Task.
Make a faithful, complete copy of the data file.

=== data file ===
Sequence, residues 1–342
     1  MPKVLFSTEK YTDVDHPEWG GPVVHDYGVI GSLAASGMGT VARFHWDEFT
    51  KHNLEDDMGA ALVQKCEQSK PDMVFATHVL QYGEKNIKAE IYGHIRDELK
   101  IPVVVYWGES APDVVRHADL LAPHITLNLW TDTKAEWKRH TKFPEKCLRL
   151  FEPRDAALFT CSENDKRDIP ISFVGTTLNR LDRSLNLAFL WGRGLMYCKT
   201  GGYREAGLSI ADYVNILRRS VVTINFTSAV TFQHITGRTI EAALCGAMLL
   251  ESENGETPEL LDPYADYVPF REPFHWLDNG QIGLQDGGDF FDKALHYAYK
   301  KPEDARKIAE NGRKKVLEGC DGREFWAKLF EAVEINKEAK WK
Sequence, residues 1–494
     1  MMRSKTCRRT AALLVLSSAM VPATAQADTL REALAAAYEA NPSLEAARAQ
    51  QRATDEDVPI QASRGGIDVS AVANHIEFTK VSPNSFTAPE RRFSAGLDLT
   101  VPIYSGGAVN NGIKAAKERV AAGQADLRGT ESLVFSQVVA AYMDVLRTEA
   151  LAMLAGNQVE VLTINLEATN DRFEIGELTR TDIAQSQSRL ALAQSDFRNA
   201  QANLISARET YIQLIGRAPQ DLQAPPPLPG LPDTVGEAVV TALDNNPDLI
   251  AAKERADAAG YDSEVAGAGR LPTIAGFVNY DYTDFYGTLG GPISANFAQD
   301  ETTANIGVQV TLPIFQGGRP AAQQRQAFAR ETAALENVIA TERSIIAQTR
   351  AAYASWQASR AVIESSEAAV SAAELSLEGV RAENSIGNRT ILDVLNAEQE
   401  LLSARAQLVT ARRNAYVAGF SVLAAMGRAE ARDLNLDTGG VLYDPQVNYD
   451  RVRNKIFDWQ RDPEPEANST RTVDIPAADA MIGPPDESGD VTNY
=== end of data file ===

Sequence, residues 1–342
     1  MPKVLFSTEK YTDVDHPEWG GPVVHDYGVI GSLAASGMGT VARFHWDEFT
    51  KHNLEDDMGA ALVQKCEQSK PDMVFATHVL QYGEKNIKAE IYGHIRDELK
   101  IPVVVYWGES APDVVRHADL LAPHITLNLW TDTKAEWKRH TKFPEKCLRL
   151  FEPRDAALFT CSENDKRDIP ISFVGTTLNR LDRSLNLAFL WGRGLMYCKT
   201  GGYREAGLSI ADYVNILRRS VVTINFTSAV TFQHITGRTI EAALCGAMLL
   251  ESENGETPEL LDPYADYVPF REPFHWLDNG QIGLQDGGDF FDKALHYAYK
   301  KPEDARKIAE NGRKKVLEGC DGREFWAKLF EAVEINKEAK WK
Sequence, residues 1–494
     1  MMRSKTCRRT AALLVLSSAM VPATAQADTL REALAAAYEA NPSLEAARAQ
    51  QRATDEDVPI QASRGGIDVS AVANHIEFTK VSPNSFTAPE RRFSAGLDLT
   101  VPIYSGGAVN NGIKAAKERV AAGQADLRGT ESLVFSQVVA AYMDVLRTEA
   151  LAMLAGNQVE VLTINLEATN DRFEIGELTR TDIAQSQSRL ALAQSDFRNA
   201  QANLISARET YIQLIGRAPQ DLQAPPPLPG LPDTVGEAVV TALDNNPDLI
   251  AAKERADAAG YDSEVAGAGR LPTIAGFVNY DYTDFYGTLG GPISANFAQD
   301  ETTANIGVQV TLPIFQGGRP AAQQRQAFAR ETAALENVIA TERSIIAQTR
   351  AAYASWQASR AVIESSEAAV SAAELSLEGV RAENSIGNRT ILDVLNAEQE
   401  LLSARAQLVT ARRNAYVAGF SVLAAMGRAE ARDLNLDTGG VLYDPQVNYD
   451  RVRNKIFDWQ RDPEPEANST RTVDIPAADA MIGPPDESGD VTNY